CONDO hosting Bureau, New York: Wojciech Bąkowski, Erica Baum, Matt Hoyt, Goshka Macuga, Ben Rivers and John Smith

20 January - 24 February 2024

Kate MacGarry is delighted to host Bureau, based in New York, USA. As part of CONDO London 2024, Bureau will present work by three artists alongside three artists represented by Kate MacGarry.


Wojciech Bąkowski works in sculpture, sound, poetry, drawing and animation. Bąkowski will present a suite of drawings using his recent technique of charcoal on sanded cardboard. The imagery in Bąkowski’s somber and haunting drawings translate the mystifying connections between time and memory. A lucid dreamer, Bąkowski relays how urban dwellers map the unconscious mind onto the streets we pace and how memories unfold along curving tram lines. The shape of dreams conform to Bąkowski’s familiar skyline of post-soviet housing estates. The walls and furnishings of a bedroom interchange with enigmatic visions projected on the walls of the mind.


Erica Baum works with printed and written language, mining myriad sources for fragments of found poetry and surprising slices of imagery. Baum will present works from three of her acclaimed photographic series. Her gelatin silver photographs of the Blackboards series capture expanses of empty blackness and lush swathes of dusty white. Chalk lines and phantasmic word fragments remain, partially wiped away in between university classes. The Dog Ear and The Naked Eye works offer unexpected views and poetic juxtapositions found hidden in the pages of books. With their diagonal slices and truncated words, the Dog Ear pieces are not mere chance compositions of bifurcated text: they can - and should - be read. The Naked Eye captures dime-store paperback books, spread open to reveal a rhythm of sliced images, fractured text and abstraction, layered in a cinematic shuffle. 


Matt Hoyt will show a recent selection of small sculptures as well as two of his colourful tempera grid paintings. Hoyt’s handmade objects invite curiosity and feel utterly strange and foreign while also deeply grounded in an expression of slow, geological time. Hoyt conjures subjective and variable associations with his sculptures, morphing resemblances from vast, disparate origins, which always point back to a place of imagination. Hoyt’s paintings are grounded in geometry, colour and pattern, providing a meditative order and vision in contrast to the highly unpredictable space of the sculptures. The hand painted, repeating tessellations offer an entoptic buzzing, opening a kaleidoscopic portal to reverie. 


Goshka Macuga’s practice is based on historical and archival research, which informs her installations, sculptures, tapestries, and collages. Hidden Until Circumstances Are Suitable (Polar Bear and Wolf) (2020) is taken from Macuga’s large scale tapestry The Fable of the Wolf, the Polar Bear, the Reindeer and the Cosmonaut (2018) a complex scene in an ancient Norwegian forest, where a group of people dressed as animals (a wolf, a reindeer and a polar bear) have gathered after participating in a political demonstration. Macuga’s collages refer to British mathematician Ada Lovelace and the history of computer programming which began  in the first half of the nineteenth century. Background and foregrounds are alternated and combined like a textile grid, designed as patterns for dispersing visual information.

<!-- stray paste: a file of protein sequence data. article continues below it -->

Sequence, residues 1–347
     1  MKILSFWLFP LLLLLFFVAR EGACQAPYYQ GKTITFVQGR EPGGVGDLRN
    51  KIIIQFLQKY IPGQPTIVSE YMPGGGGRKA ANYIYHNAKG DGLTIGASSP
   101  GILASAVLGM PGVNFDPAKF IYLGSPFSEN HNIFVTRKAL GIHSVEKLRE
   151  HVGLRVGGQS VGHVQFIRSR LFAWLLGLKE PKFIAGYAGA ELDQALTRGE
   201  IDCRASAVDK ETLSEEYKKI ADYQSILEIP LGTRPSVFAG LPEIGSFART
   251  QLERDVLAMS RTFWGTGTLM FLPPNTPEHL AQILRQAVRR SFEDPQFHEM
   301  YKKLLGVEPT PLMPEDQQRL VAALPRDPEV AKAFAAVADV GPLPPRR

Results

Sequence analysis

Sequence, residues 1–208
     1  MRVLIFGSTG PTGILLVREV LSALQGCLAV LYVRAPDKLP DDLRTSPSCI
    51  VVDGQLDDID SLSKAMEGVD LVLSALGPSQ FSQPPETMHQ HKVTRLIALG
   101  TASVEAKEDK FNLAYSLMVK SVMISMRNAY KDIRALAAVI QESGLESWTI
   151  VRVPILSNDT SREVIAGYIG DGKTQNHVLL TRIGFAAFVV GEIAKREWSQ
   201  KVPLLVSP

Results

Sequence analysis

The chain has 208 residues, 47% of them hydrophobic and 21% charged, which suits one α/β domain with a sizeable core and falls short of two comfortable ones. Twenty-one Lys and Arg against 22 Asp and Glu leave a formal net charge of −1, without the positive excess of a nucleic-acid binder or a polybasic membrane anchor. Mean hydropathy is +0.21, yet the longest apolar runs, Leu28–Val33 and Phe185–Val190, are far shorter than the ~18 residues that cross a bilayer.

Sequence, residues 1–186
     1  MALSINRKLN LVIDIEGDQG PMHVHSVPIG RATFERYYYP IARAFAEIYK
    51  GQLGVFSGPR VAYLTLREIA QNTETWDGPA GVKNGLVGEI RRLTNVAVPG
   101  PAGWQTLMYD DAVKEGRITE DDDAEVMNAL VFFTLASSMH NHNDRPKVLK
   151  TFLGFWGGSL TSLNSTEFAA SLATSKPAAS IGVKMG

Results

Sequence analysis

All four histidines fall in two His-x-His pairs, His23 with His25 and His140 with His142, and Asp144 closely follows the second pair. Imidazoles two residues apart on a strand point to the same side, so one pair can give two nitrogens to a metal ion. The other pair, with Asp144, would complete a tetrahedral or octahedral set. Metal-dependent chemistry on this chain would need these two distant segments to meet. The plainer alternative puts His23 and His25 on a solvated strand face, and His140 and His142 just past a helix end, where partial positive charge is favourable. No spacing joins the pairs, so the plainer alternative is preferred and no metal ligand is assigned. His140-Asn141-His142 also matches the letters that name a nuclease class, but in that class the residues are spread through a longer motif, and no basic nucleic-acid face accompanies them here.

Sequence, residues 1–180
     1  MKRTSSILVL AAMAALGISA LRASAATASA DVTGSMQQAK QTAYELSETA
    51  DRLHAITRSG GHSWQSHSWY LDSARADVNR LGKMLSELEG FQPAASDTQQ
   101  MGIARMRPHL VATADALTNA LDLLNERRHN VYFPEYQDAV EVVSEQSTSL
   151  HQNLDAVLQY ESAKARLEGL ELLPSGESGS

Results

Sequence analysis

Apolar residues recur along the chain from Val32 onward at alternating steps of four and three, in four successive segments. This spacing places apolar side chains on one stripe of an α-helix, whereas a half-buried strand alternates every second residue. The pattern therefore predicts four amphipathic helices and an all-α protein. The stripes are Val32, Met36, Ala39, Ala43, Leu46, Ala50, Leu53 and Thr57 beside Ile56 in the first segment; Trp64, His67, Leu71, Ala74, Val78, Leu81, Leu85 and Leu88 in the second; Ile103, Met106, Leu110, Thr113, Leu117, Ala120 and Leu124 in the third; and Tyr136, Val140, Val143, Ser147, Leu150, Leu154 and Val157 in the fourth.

Ben Rivers’ films are typically intimate portrayals of solitary beings or isolated communities. His practice as a filmmaker treads a line between documentary and fiction. Rivers uses these themes as a starting point to imagine alternative narratives and existences in marginal worlds. The title of Rivers’ film The House Was Quiet (2020) is taken from poem by Wallace Stevens. Made in an abandoned and derelict school house on a Scottish island, the leftovers, the light and dust, an accidental pinhole camera from a hole in the roof reveals clouds on the wall and a tea tray with a classical painting of a face. The empty house is brought back to quiet life by a reading narrated by Patricia Treib, an American artist represented by Bureau, New York and Kate MacGarry, London.


John Smith was inspired in his formative years by conceptual art and structural film, but also fascinated by the immersive power of narrative and the spoken word. Over the past five decades he has developed an extensive body of work that subverts the perceived boundaries between documentary, fiction, representation and abstraction. Often rooted in everyday life, his meticulously crafted films playfully explore and expose the language of cinema. Smith’s silent, looped work, Fan (1978/2014) is taken from the first part of his 1978-9 16mm film Blue Bathroom, a distillation of ideas concerning the tension between representation and materiality. Fan presents an apparently straightforward image and reveals it to be an artifice, foregrounding the filmmaking process as subject matter. By superimposing and alternating two identical framings of an electric fan filmed by day and by night the film uses their positive/negative aspect to repeatedly construct and break down a representational image.


Artist Biographies